During the Korean War, three USAF bomb wings flew the venerable Douglas B-26 Invader light attack bomber in combat. They were used mainly as night intruders to hunt North Korean and Chinese vehicle convoys or trains, though in one case B-26 pilot Dick Heyman downed a PO-2 biplane, scoring one of the most unusual aerial kills of the war. They were rugged, fast, maneuverable and carried tremendous firepower, making them better suited for low altitude ground attack work than any other USAF aircraft employed during the war.
A veteran crew from the 452nd Bomb Wing, which was a California-based reserve unit stationed around Long Beach. When they were mobilized for the Korean War, the unit flew its B-26’s all the way across the Pacific Ocean into the battle theater.
A pair of Southern Californians in Korea. At right is T/Sgt Thomas Snyder of Glendale, CA. He was the crew chief for this particular B-26 and had flown over 20 night combat missions in it by the summer of 1951. His pilot, at left, was 1st Lt. Joe D. Winn, a native of Los Angeles. Winn had racked up 62 combat missions when this photo was taken in August 1951. Both men and the aircraft belonged to the 3rd Bomb Wing. Once known as the 3rd Attack Group during WWII, the 3rd had played a pioneering role in the development of low altitude attack aviation during the 1930’s and 40’s.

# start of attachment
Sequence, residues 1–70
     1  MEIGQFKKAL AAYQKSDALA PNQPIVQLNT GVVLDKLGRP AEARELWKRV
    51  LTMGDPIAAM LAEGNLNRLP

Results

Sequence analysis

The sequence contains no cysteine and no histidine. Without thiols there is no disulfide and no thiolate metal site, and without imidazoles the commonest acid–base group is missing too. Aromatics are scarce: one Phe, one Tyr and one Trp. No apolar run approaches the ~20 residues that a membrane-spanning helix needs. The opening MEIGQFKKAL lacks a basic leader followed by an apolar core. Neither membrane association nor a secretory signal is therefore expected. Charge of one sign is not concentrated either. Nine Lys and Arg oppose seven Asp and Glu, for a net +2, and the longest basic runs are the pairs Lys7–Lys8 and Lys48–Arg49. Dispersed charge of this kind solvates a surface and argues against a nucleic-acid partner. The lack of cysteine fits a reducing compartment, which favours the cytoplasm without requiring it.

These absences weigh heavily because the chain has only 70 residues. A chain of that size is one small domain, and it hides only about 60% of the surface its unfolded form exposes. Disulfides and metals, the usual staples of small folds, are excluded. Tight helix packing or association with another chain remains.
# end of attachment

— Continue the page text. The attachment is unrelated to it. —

Left to Right: Major Vernon Todd, 1st Lt. Herbert Covell, 2nd Lt. Eugene McIntire, and Airman 1st Class Arthur Andrzejewski. This crew, with Covell piloting their B-26 named after his wife, destroyed or damaged 18 locomotives and almost a hundred box cars in less than five weeks of combat operations with the 3rd Bomb Wing in December 1952 and January 1953.
A 3rd Bomb Wing B-26 en route to target, October 1952.
A 17th Bomb Wing B-26 returns after dawn following a night intruder mission in June 1953. The 17th had been a Martin B-26 Marauder-equipped bomb group that saw combat in North Africa and the MTO during World War II.